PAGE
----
Fischer v. SunTrust Mortgage Incorporated et al

Filing 59

ORDER: IT IS ORDERED granting in part and denying in part SunTrust's Motion to Dismiss (Doc. 19 ). Plaintiff's Second Cause of Action is dismissed with prejudice. IT IS FURTHER ORDERED that SunTrust shall file an Answer to the First Caus e of Action in the Amended Complaint within 14 days of the date of entry of this Order. (See attached Order for complete details). Signed by Judge John J Tuchi on 5/10/16.(JAMA) Modified on 5/11/2016 to correct Document Type to WO-Opinion (JAMA).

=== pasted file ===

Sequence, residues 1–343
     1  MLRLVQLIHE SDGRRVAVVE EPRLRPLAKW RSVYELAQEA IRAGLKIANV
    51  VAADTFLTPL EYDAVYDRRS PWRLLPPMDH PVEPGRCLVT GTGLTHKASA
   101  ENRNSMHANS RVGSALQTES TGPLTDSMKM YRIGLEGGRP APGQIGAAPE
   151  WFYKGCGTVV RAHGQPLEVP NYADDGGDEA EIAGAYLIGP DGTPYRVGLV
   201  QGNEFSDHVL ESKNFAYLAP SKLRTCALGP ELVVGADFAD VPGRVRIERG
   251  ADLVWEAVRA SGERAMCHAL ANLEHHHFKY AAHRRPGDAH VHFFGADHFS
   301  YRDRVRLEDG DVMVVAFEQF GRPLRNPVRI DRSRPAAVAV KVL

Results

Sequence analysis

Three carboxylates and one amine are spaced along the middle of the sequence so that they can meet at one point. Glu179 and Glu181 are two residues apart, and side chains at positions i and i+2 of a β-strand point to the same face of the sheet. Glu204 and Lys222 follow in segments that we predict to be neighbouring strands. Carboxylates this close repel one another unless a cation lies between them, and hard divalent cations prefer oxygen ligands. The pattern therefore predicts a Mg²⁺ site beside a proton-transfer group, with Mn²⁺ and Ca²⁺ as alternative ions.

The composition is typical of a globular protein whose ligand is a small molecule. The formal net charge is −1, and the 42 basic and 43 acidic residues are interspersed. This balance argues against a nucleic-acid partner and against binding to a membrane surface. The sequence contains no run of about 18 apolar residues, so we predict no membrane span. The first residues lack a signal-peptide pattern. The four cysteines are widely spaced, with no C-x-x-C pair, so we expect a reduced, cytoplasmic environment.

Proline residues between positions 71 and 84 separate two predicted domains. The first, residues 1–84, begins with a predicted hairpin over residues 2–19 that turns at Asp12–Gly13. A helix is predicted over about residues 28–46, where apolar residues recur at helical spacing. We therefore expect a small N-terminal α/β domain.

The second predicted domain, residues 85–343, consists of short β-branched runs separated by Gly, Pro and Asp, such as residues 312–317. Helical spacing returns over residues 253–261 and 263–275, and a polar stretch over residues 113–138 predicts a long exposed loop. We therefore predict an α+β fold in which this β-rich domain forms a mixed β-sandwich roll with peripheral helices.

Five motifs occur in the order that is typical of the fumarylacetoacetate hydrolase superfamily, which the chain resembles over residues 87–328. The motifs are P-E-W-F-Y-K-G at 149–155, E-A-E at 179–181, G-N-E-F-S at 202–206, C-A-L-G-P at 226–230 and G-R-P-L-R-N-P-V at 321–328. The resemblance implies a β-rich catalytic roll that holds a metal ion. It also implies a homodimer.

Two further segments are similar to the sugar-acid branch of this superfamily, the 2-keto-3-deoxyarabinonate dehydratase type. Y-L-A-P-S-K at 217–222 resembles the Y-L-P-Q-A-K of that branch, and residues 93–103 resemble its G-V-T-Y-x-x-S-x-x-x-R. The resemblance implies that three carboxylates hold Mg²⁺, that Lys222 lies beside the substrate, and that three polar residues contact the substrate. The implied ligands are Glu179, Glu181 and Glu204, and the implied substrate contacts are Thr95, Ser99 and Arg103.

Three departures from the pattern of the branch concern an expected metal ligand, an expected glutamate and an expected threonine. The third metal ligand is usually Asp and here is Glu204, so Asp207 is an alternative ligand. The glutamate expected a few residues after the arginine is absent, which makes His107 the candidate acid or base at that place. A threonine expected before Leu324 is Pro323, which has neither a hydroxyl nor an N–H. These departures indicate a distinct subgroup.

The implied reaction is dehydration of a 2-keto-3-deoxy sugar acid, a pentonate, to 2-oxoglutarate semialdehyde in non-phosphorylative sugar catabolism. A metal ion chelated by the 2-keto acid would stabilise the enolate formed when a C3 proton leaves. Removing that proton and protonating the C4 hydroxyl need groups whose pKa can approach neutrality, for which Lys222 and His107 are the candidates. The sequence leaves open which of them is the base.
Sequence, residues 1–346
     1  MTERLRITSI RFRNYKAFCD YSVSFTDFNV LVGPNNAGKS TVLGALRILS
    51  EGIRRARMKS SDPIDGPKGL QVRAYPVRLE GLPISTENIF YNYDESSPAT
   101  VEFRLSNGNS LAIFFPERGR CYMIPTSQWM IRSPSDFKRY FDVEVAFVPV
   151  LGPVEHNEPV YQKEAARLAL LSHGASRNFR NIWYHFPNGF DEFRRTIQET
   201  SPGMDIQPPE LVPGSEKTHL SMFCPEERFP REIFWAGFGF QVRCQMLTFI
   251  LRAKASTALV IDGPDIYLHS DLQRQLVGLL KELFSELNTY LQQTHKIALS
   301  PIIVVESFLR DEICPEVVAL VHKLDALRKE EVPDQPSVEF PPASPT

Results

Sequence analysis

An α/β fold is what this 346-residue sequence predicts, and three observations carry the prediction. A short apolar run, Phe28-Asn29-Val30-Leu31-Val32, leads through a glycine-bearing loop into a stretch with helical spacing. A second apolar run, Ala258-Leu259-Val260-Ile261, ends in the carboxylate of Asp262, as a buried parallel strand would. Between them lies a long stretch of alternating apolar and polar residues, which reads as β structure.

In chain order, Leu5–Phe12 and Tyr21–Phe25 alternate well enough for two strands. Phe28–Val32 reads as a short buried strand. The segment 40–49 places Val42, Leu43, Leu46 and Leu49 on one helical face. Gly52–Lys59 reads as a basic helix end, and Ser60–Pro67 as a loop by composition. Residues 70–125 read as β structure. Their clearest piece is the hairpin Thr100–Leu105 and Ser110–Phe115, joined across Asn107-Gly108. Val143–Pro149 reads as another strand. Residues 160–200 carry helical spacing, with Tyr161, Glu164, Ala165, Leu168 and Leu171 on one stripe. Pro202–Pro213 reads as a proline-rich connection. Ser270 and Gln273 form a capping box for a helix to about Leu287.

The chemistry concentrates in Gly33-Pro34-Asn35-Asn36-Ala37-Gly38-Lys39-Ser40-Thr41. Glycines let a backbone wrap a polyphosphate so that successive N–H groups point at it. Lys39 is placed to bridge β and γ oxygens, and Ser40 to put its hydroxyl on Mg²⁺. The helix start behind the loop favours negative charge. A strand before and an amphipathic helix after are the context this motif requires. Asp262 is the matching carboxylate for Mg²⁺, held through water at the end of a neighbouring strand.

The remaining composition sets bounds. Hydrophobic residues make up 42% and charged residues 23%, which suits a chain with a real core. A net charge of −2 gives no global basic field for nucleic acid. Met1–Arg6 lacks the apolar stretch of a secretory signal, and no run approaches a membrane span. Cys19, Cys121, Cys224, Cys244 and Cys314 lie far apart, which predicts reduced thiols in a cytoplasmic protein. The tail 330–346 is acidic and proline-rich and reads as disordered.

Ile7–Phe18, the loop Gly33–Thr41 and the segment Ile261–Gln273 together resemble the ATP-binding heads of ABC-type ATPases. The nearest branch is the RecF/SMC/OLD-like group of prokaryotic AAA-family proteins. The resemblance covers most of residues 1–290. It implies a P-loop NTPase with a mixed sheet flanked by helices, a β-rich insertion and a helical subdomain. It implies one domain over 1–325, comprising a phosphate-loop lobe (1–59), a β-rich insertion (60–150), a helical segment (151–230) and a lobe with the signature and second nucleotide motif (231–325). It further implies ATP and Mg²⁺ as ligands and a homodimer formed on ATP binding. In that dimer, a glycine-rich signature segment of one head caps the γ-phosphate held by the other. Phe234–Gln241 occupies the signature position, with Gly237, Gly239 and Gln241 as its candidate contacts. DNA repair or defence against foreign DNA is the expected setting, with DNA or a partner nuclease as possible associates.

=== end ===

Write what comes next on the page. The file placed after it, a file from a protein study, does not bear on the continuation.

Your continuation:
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1 WO NOT FOR PUBLICATION 2 3 4 5 6 IN THE UNITED STATES DISTRICT COURT 7 FOR THE DISTRICT OF ARIZONA 8 9 Nicholaus Fischer, No. CV-15-02075-PHX-JJT Plaintiff, 10 11 v. 12 ORDER SunTrust Mortgage Incorporated, et al., 13 Defendants. 14 15 At issue is Defendant SunTrust Mortgage, Inc.’s (SunTrust) Motion to Dismiss 16 (Doc. 19, MTD), to which Plaintiff Nicholaus Fischer filed a Response (Doc. 23, Resp.) 17 and SunTrust filed a Reply (Doc. 38, Reply). For the reasons that follow, the Court will 18 deny the Motion in part and grant it in part. 19 I. BACKGROUND 20 When analyzing a complaint for failure to state a claim for relief under Federal 21 Rule of Civil Procedure 12(b)(6), the Court accepts as true Plaintiff’s non-conclusory, 22 material allegations in the Amended Complaint and construes them in the light most 23 favorable to Plaintiff. See Rio Props., Inc. v. Rio Int’l Interlink, 284 F.3d 1007, 1019 (9th 24 Cir. 2002) (citing Am. Tel. & Tel. Co. v. Compagnie Bruxelles Lambert, 94 F.3d 586, 588 25 (9th Cir. 1996)). Plaintiff alleges the following in his Amended Complaint.1 (Doc. 30, 26 Am. Compl.) 27 1 28 The parties filed a Stipulation to Amend Complaint (Doc. 22) to correct the name of Defendant “Equifax, Inc.” to “Equifax Information Services, LLC,” and the Court granted the Stipulation (Doc. 27). In this Order, the Court cites the Amended Complaint 1 SunTrust is a mortgage company that offers servicing, origination, and 2 transaction-based real estate services. (Am. Compl. at 2.) Plaintiff purchased a home in 3 2007, and Crestar Mortgage provided the original mortgage on the home. (Am. Compl. at 4 4–5.) Later, SunTrust either purchased the debt or began acting as the mortgage servicer. 5 (Am. Compl. at 5.) On or about June 1, 2010, Plaintiff stopped making payments on his 6 loans with SunTrust, and on January 20, 2011, SunTrust foreclosed on Plaintiff’s 7 property via Trustee Sale. (Am. Compl. at 5.) SunTrust then began inaccurately reporting 8 the debt on Plaintiff’s credit report and to credit reporting agencies (the Agencies) as a 9 “charge off.” (Am. Compl. at 6.) Plaintiff did not learn that SunTrust was reporting the 10 charge off until around March 2015. (Am. Compl. at 6.) 11 In July 2015, Plaintiff sent dispute letters to SunTrust and the Agency Defendants 12 in this lawsuit notifying them of the inaccurate reporting. (Am. Compl. at 6.) The 13 Agencies notified SunTrust that Plaintiff was contesting the information SunTrust 14 provided to them. (Am. Compl. at 8.) SunTrust made no attempt to investigate the dispute 15 raised by Plaintiff and continued reporting Plaintiff’s mortgage as a charge off. (Am. 16 Compl. at 8.) 17 In his Amended Complaint, Plaintiff alleges two claims against SunTrust: (1) 18 negligent and willful violations of the Fair Credit Reporting Act (FCRA), 15 U.S.C. § 19 1671 et seq. (Am. Compl. at 7–11); and (2) violations of the Fair Debt Collection 20 Practices Act (FDCPA), 15 U.S.C. § 1692 et seq. (Am. Compl. at 11–12). SunTrust now 21 moves to dismiss both claims.2 22 II. LEGAL STANDARD 23 Federal Rule of Civil Procedure 12(b)(6) is designed to “test[] the legal sufficiency 24 of a claim.” Navarro v. Block, 250 F.3d 729, 732 (9th Cir. 2001). A dismissal under Rule 25 26 27 as there is no material difference between the Complaint (Doc. 1) and the Amended Complaint (Doc. 30). 2 28 The Agencies TransUnion LLC and Experian Information Solutions Incorporated have been dismissed from this action. The only remaining Agency is Equifax Information Services LLC; it has not taken a position as to this Motion. -2- 1 12(b)(6) for failure to state a claim can be based on either (1) the lack of a cognizable 2 legal theory or (2) insufficient facts to support a cognizable legal claim. Balistreri v. 3 Pacifica Police Dep’t, 901 F.2d 696, 699 (9th Cir. 1990). A complaint must provide more 4 than “labels and conclusions” or a “formulaic recitation of the elements of a cause of 5 action;” it must contain factual allegations sufficient to “raise a right to relief above the 6 speculative level.” Bell Atl. Corp. v. Twombly, 550 U.S. 544, 555 (2007). While “a 7 complaint need not contain detailed factual allegations [] it must plead ‘enough facts to 8 state a claim to relief that is plausible on its face.’” Clemens v. DaimlerChrysler Corp., 9 534 F.3d 1017, 1022 (9th Cir. 2008) (quoting Twombly, 550 U.S. at 570). “A claim has 10 facial plausibility when Plaintiff pleads factual content that allows the court to draw the 11 reasonable inference that the defendant is liable for the misconduct alleged.” Ashcroft v. 12 Iqbal, 556 U.S. 662, 678 (2009) (citing Twombly, 550 U.S. at 556). The plausibility 13 standard asks for more than a sheer possibility that a defendant has acted unlawfully. Id. 14 When analyzing a complaint under Rule 12(b)(6), “[a]ll allegations of material 15 fact are taken as true and construed in the light most favorable to the nonmoving party.” 16 Smith v. Jackson, 84 F.3d 1213, 1217 (9th Cir. 1996). However, legal conclusions 17 couched as factual allegations are not given a presumption of truthfulness, and 18 “conclusory allegations of law and unwarranted inferences are not sufficient to defeat a 19 motion to dismiss.” Pareto v. FDIC, 139 F.3d 696, 699 (9th Cir. 1998). In ruling upon a 20 motion to dismiss, the court may consider only the complaint, any exhibits properly 21 included in the complaint, and matters that may be judicially noticed pursuant to Federal 22 Rule of Evidence 201. See Mir v. Little Co. of Mary Hosp., 844 F.2d 646, 649 (9th Cir. 23 1988); Isuzu Motors Ltd. v. Consumers Union of U.S., Inc., 12 F. Supp. 2d 1035, 1042 24 (C.D. Cal. 1998). 25 III. ANALYSIS 26 A. 27 The FCRA regulates creditors and other entities who furnish credit information to 28 the Agencies. 15 U.S.C. § 1681s–2. Under the FCRA, furnishers must report accurate FCRA Claim -3- 1 information to the Agencies and must investigate a consumer’s dispute about reported 2 information when an Agency notifies a furnisher of a dispute. § 1681s–2(a), (b). Upon 3 receiving notice, a furnisher has a statutory duty to investigate and correct the 4 information, if necessary. § 1681s–2(b). If a furnisher fails to investigate, respond to, or 5 correct the disputed information, then the FCRA provides a private right of action for the 6 affected individual to sue the furnisher. See id.; § 1681n, o; Nelson v. Chase Manhattan 7 Mortg. Corp., 282 F.3d 1057, 1059 (9th Cir. 2002). 8 Although the FCRA prohibits furnishers from providing inaccurate information to 9 the Agencies, it does not provide a private right of action to individuals for violations of 10 that provision. See § 1681s–2(a); Nelson, 282 F.3d at 1059 (stating only federal or state 11 officials may bring actions for § 1681s–2(a) violations). Under the statute, private actions 12 for violations of the FCRA brought under § 1681o must address conduct violating 13 § 1681s–2(b) as opposed to 2(a). 14 SunTrust argues Plaintiff’s pleadings are insufficient because they fail to allege: 15 (1) any recognized cause of action under the FCRA; (2) any inaccurate reporting; (3) 16 facts that give rise to a duty for SunTrust to investigate Plaintiff’s dispute; and (4) that 17 SunTrust failed to investigate, or unreasonably investigated, Plaintiff’s dispute. (MTD at 18 5–9.) Should those arguments fail, SunTrust asserts that at least Plaintiff’s claim for 19 willful violations should be dismissed because Plaintiff does not plead any facts showing 20 knowing or reckless conduct. (MTD at 9–10.) 21 1. Negligent Violation of the FCRA 22 Plaintiff claims SunTrust negligently violated the FCRA when it reported his 23 foreclosed mortgage as a charge off to the Agencies and failed to investigate or correct 24 the misreporting after receiving notification of the error. (Am. Compl. at 8–9.) 25 a. Recognized Cause of Action Under the FCRA 26 SunTrust argues that the Court must dismiss Plaintiff’s claim because he only 27 alleges that SunTrust inaccurately reported information under § 1681s–2(a), which is not 28 privately actionable under the FCRA. (MTD at 5–6.) However, contrary to SunTrust’s -4- 1 contention, Plaintiff also alleges that SunTrust failed to investigate and correct the 2 inaccurate reports after the Agencies notified it of Plaintiff’s dispute. (Am. Compl. at 8.) 3 Further, the Amended Complaint cites both § 1681s–2(a) and (b) (Am. Compl. at 8), and 4 Plaintiff alleges conduct that is only prohibited under § 1681s–2(b) (Am. Compl. at 8). 5 Thus, Plaintiff alleges a recognized cause of action under § 1681s–2(b) of the FCRA. 6 b. Allegations of Inaccurate Reporting 7 SunTrust also argues that the Court must dismiss Plaintiff’s claim because it fails 8 to plausibly allege that SunTrust’s reporting of the debt is inaccurate or unlawful. (MTD 9 at 6–7.) 10 To the extent Plaintiff claims that SunTrust’s Reporting of the subject debt is 11 unlawful because it cannot report, in any form, that Plaintiff had a debt he did not honor, 12 that claim is foreclosed and subject to dismissal, as the law does not preclude accurate 13 reporting of the debt.3 But whether or not Plaintiff predicates his claim on the above 14 15 16 17 18 19 20 21 22 23 24 25 26 27 28 3 Plaintiff notes that Arizona’s anti-deficiency statute, A.R.S. § 33–814(G), renders any deficiency remaining on his mortgage uncollectable. From that he urges that § 33-814(G) prohibits any reporting of that deficiency, including reporting as a charge off, on his credit report after foreclosure. (Am. Compl. at 6.) In response, SunTrust asserts Arizona’s anti-deficiency statute only prevents creditors from bringing deficiency actions to hold the debtor personally responsible for paying any remaining debt after applying the proceeds of the foreclosure, but does not completely erase the existence of the debt. (MTD at 6–7.) The Arizona legislature intended the anti-deficiency statute to prevent lenders from judicially pursuing any collateral, other than the qualifying residential home, to satisfy a deficiency remaining after a foreclosure. BMO Harris Bank, N.A. v. Wildwood Creek Ranch, LLC, 340 P.3d 1071, 1073 (Ariz. 2015). The statute is silent as to restrictions or requirements for reporting an uncollectable deficiency to the Agencies after foreclosure, and there appears to be no Arizona case law addressing this issue. But California has an anti-deficiency statute nearly identical to Arizona’s. Cal. Civ. Proc. Code § 580(b). And Defendant has identified case law from federal district courts in California concluding that statute does not preclude the accurate reporting of debt covered by the anti-deficiency statute. See Murphy v. Ocwen Loan Servicing, LLP, No. 2:13-CV-0555-TLN-EFB, 2014 WL 651914, at *5 (E.D. Cal. Feb. 19, 2014). While this out-of-district case has no precedential value, its reasoning and result are wholly persuasive. The purpose of credit reporting is to provide potential lenders and service providers information on the risk levels associated with potential borrowers or customers. Even where an anti-deficiency statute has operated to render a defaulted mortgage debt -5- 1 argument, the claim is based on the additional theory that SunTrust’s reporting was 2 unlawful because it was inaccurate. The Amended Complaint focuses on SunTrust’s 3 “illegally reporting the debt on Plaintiff’s credit report as a Charge Off” and continuing 4 to do so monthly following the foreclosure. (Am. Compl. at 6)(emphasis added). Plaintiff 5 also contends SunTrust violated § 1681s–2(b) by failing to update or add any notice to 6 his credit report that he disputed the reporting, and incorrectly reporting the balance of 7 that debt. (Am. Compl. at 6–7, 11.) 8 That the FCRA claim should be understood as based on allegations of inaccurate 9 reporting is further supported by the argument in Plaintiff’s Response. (Doc. 23.) The 10 gravamen of Plaintiff’s argument on pages eight through ten of the Response is precisely 11 this – that the term “charge-off,” as used in SunTrust’s report concerning Plaintiff, does 12 not comport with the standard definition of the term within the industry and therefore 13 inaccurately represents the status of Plaintiff’s debt. 14 Whether there is a standard definition of “charge off” in the credit reporting 15 industry, whether SunTrust used the term inconsistently with it, and whether any such 16 inconsistency amounts to inaccurate reporting within the meaning of FCRA, are matters 17 for another day, but taking Plaintiff’s allegation as true for purposes of this Motion, as the 18 Court must, Plaintiff has stated a claim under FCRA on which relief may be granted. 19 Defendant could have violated the FCRA by inaccurately reporting the debt and or by 20 failing to investigate upon receipt of the dispute and continuing to report a disputed debt 21 without any notation of the dispute. See Gorman v. Wolpoff & Abramson, LLP, 584 F.3d 22 1147, 1164 (9th Cir. 2009) (finding “[a] disputed credit file that lacks a notation of 23 dispute may well be ‘incomplete or inaccurate’ within the meaning of the FCRA, and the 24 furnisher has a privately enforceable obligation to correct the information after notice”); 25 Samuelson v. Green Tree Servicing, LLC, No. CV-13-00656-PHX-DGC, 2013 WL 26 27 28 uncollectible, the fact that a borrower defaulted on that debt and the circumstances of that default is highly relevant information to potential lenders. -6- 1 5634110, at *2 (D. Ariz. Oct. 15, 2013). Plaintiff’s Amended Complaint sufficiently 2 pleads a violation of the FCRA under § 1684s–2(b). 3 c. Duty to Investigate 4 SunTrust also argues Plaintiff fails to allege sufficient facts showing the Agencies, 5 rather than just Plaintiff, reported the dispute to SunTrust, and thus SunTrust was under 6 no obligation to investigate. (MTD at 7–8.) However, Plaintiff clearly alleges the 7 Agencies, not just Plaintiff, reported the dispute to SunTrust so SunTrust’s argument has 8 no merit. (Am. Compl. at 8.) 9 d. Failure to Investigate 10 SunTrust contends the Court must dismiss Plaintiff’s FCRA claim because he does 11 not sufficiently allege that SunTrust failed to conduct a reasonable investigation of 12 Plaintiff’s dispute. (MTD at 8–9.) Plaintiff alleges that despite receiving notification and 13 supporting details of the dispute, SunTrust took no action and made no changes to the 14 reported information. (Am. Compl. at 6–8.) Specifically, Plaintiff alleges SunTrust failed 15 to notify him or the Agencies with the results of the investigation it conducted, if any. 16 (Am. Compl. at 8.) 17 SunTrust cites several cases in support of its argument that Plaintiff’s Amended 18 Complaint fails to state a valid claim. See Gorman, 584 F.3d at 1153; O’Connor v. 19 Capital One, N.A., No. CV-14-00177-KAW, 2014 WL 2215965, at *7 (N.D. Cal. May 20 29, 2014); Berberyan v. Asset Acceptance, LLC, No. CV 12-4417-CAS(PLAX), 2013 21 WL 1136525, at *5 (C.D. Cal. Mar. 18, 2013); Iyigun v. Cavalry Portfolio Services, LLC, 22 No. CV-12-8682, 2013 WL 93114, at *1 (C.D. Cal. Jan. 8, 2013). 23 None of the cases SunTrust cites justify dismissal here. O’Connor and Iyigun 24 turned on pleadings devoid of the details Plaintiff provides in his Amended Complaint. 25 See 2014 WL 2215965, at *2 (discussing plaintiff’s repetitious and disorganized 26 complaint that was largely copied and pasted sections of the underlying statutes); 2013 27 WL 93114, at *1–2 (characterizing plaintiff’s allegations as conclusory recitations of the 28 elements of the FCRA claim without any specific relation to any single defendant). -7- 1 Unlike those cases, Plaintiff’s Amended Complaint provides sufficient detail to give 2 notice to SunTrust regarding the necessary investigation. In Berberyan, the defendant 3 responded to the plaintiff’s dispute and noted the dispute on the plaintiff’s credit report, 4 and the plaintiff failed to plead any additional facts suggesting that the defendant’s 5 investigation was unreasonable. 2013 WL 1136525, at *5. By contrast, here, Plaintiff 6 alleges specific inaccuracies with SunTrust’s reporting, indicates that he did not receive 7 any response from SunTrust regarding his dispute, and alleges that his credit report 8 remained unchanged at the time he filed his Amended Complaint. 9 Also in contrast to the current case, Gorman was decided on a motion for 10 summary judgment, not a motion to dismiss. 584 F.3d at 1151. At that stage, the plaintiff 11 had the opportunity to pursue discovery and the burden of showing the defendant’s 12 failure to reasonably investigate the dispute. Plaintiff is positioned differently and has not 13 yet had the benefit of discovery, nor does he bear the burden that exists at summary 14 judgment. On a motion to dismiss, Plaintiff’s allegations that the Agencies notified 15 SunTrust of the dispute, that SunTrust failed to complete any investigation, and that 16 SunTrust failed to respond to both Plaintiff and the Agencies after Plaintiff sent dispute 17 letters, is sufficient factual content that allows the Court to draw the reasonable inference 18 that SunTrust is liable for the misconduct alleged. See Gorman, 584 F.3d at 1163; 19 Warring v. Green Tree Servicing LLC, No. CV-14-0098-PHX-DGC, 2014 WL 2605425, 20 at *3 (D. Ariz. June 11, 2014); Samuelson, 2013 WL 5634110, at *2. 21 22 23 Plaintiff’s negligent violation of the FCRA claim survives SunTrust’s Motion to Dismiss. 2. Willful Violation of the FCRA 24 Plaintiff also alleges that SunTrust’s FCRA violations are willful. (Am. Compl. at 25 8–9.) Willful violations of the FCRA occur when the defendant acts with actual 26 knowledge or with reckless disregard as to whether its conduct violates the Act. § 1681n; 27 Safeco Ins. Co., v. Burr, 551 U.S. 47, 57 (2007). Conditions of the mind, such as 28 knowledge, may be alleged generally at the pleading stage. Fed. R. Civ. P. 9(b). -8- 1 SunTrust argues Plaintiff’s Amended Complaint lacks any facts that would allow 2 an inference of knowing or reckless violations. (MTD at 9–10.) SunTrust contends its 3 conduct cannot be reckless because Safeco establishes that SunTrust’s actions must be 4 objectively unreasonable in light of a clearly established legal rule to rise to the level of 5 reckless misconduct, and reporting Plaintiff’s foreclosed mortgage as a charge off, even if 6 incorrect, is not objectively unreasonable as a matter of law. (MTD at 9–10.) Plaintiff 7 alleges, however, that SunTrust, after receiving notice of Plaintiff’s dispute from the 8 Agencies, willfully failed to follow clear statutory provisions requiring it to reasonably 9 investigate Plaintiff’s disputes. (Am. Compl. at 7–9.) 10 Taking Plaintiff’s allegations as true, the Court finds he has plausibly pled a 11 willful violation by alleging SunTrust failed to conduct any investigation, because failing 12 to do so would be objectively unreasonable in light of the clearly established statute 13 requiring furnishers to reasonably investigate upon receiving notification of a dispute 14 from an Agency. See § 1681s–2(b); Safeco, 551 U.S. at 69–70. Unlike in Safeco, where 15 the lower court ruled on a motion for summary judgment, the Court does not consider the 16 reasonableness of SunTrust’s interpretation of the FCRA and its actions, but rather 17 whether Plaintiff adequately pled a willful violation. See Safeco, 551 U.S. at 52; Haley v. 18 TalentWise, Inc., No. C13-1915, 2014 WL 1648480, at *2 (W.D. Wash. Apr. 23, 2014). 19 SunTrust also cites Long v. Tommy Hilfiger U.S.A., Inc., 671 F.3d 371 (3d Cir. 20 2012) in support of its argument. However, Long fails to justify dismissal because the 21 alleged violation in that case was not clearly prohibited by the statutory text. By contrast, 22 in Haley, the court refused to dismiss the willfulness count on facts similar to those here 23 because the objective reasonableness of the defendant’s interpretation of the statute could 24 not be decided as a matter of law. 2014 WL 1648480, at *2. Thus, Plaintiff’s allegations 25 are sufficient to state a plausible claim for a willful violation of the FCRA. 26 B. 27 The FDCPA applies only to debt collectors who engage in practices prohibited by 28 the Act in an attempt to collect a consumer debt. Mansour v. Cal-Western Reconveyance FDCPA Claim -9- 1 Corp., 618 F. Supp. 2d 1178, 1182 (D. Ariz. 2009). Congress defined “debt collector” 2 under the FDCPA to include, “any person who uses any instrumentality of interstate 3 commerce or the mails in any business the principal purpose of which is the collection of 4 any debts, or who regularly collects or attempts to collect, directly or indirectly, debts 5 owed or due or asserted to be owed or due another.” § 1692a(6); Diessner v. Mortg. Elec. 6 Registration Sys., 618 F. Supp. 2d 1184, 1188 (D. Ariz. 2009), aff’d, 384 F. App’x. 609 7 (9th Cir. 2010). 8 SunTrust argues Plaintiff fails to allege facts to support an inference that SunTrust 9 is a debt collector under the FDCPA. (MTD at 10–12.) Plaintiff alleges SunTrust is a 10 mortgage servicer who engages in the practice of collecting debt (Am. Compl. at 2), and 11 that SunTrust serviced or purchased Plaintiff’s mortgage prior to foreclosure (Am. 12 Compl. at 5). Plaintiff also states that SunTrust proceeded with a non-judicial foreclosure 13 by foreclosing on the property via Trustee Sale. (Am. Compl. at 6; Resp. at 8.) 14 The Ninth Circuit has not explicitly addressed the issue of whether mortgagees 15 and their assignees are “debt collectors” and whether non-judicial foreclosure actions 16 constitute debt collection under the FDCPA. See Diessner, 618 F. Supp. 2d at 1188. 17 Other circuits, and district courts in this circuit, have held that mortgagees and their 18 beneficiaries are not debt collectors subject to the FDCPA. See id; Perry v. Stewart Title 19 Co., 756 F.2d 1197, 1208 (5th Cir. 1985). District courts have also held that “the activity 20 of foreclosing on [a] property pursuant to a deed of trust is not collection of a debt within 21 the meaning of the FDCPA.” See Diessner, 618 F. Supp. 2d at 1189 (citing e.g., 22 Mansour, 2009 WL 1066155 at *2; Gallegos v. Recontrust Co., No. CV-08-2245 WQH 23 (LSP), 2009 WL 215406, at *3 (S.D. Cal. Jan. 29, 2009); Castro v. Exec. Tr. Servs., LLC, 24 No. CV-08-2156-PHX-LOA, 2009 WL 438683, at *6 (D. Ariz. Feb. 23, 2009)). 25 Here, Plaintiff does not allege that he was in default when SunTrust began 26 servicing his mortgage, but rather argues that SunTrust engaged in a non-judicial 27 foreclosure. He points to no authority supporting the position that SunTrust, who took 28 over Plaintiff’s mortgage for servicing, is a “debt collector” or that a non-judicial - 10 - 1 foreclosure constitutes the collection of a debt subject to the FDCPA. The Court is guided 2 by the case law discussed and, in the absence of any contrary authority, the Court will 3 dismiss Plaintiff’s claim under the FDCPA. See Diessner, 618 F. Supp. 2d at 1188–89; 4 Mansour, 618 F. Supp. 2d at 1182. 5 If a defective complaint can be cured, a plaintiff is entitled to amend the complaint 6 before the action is dismissed. See Lopez v. Smith, 203 F.3d 1122, 1127–30 (9th Cir. 7 2000). Courts have held that in a situation like the present case – where the defendant is a 8 mortgagee or beneficiary who proceeded with non-judicial foreclosure – the defendant is 9 not considered a debt collector subject to the FDCPA and Plaintiff cannot cure his 10 Amended Complaint where his claim is legally barred. Accordingly, Plaintiff is not 11 entitled leave to amend his Amended Complaint as to his FDCPA claim, and that claim is 12 dismissed with prejudice. 13 V. CONCLUSION 14 Plaintiff alleges sufficient facts to survive SunTrust’s Motion to Dismiss as to his 15 negligent and willful FCRA claims. The Court dismisses Plaintiff’s FDCPA claim with 16 prejudice. 17 IT IS THEREFORE ORDERED granting in part and denying in part SunTrust’s 18 Motion to Dismiss (Doc. 19). Plaintiff’s Second Cause of Action is dismissed with 19 prejudice. 20 IT IS FURTHER ORDERED that SunTrust shall file an Answer to the First 21 Cause of Action in the Amended Complaint within 14 days of the date of entry of this 22 Order. 23 Dated this 10th day of May, 2016. 24 25 26 Honorable John J. Tuchi United States District Judge 27 28 - 11 -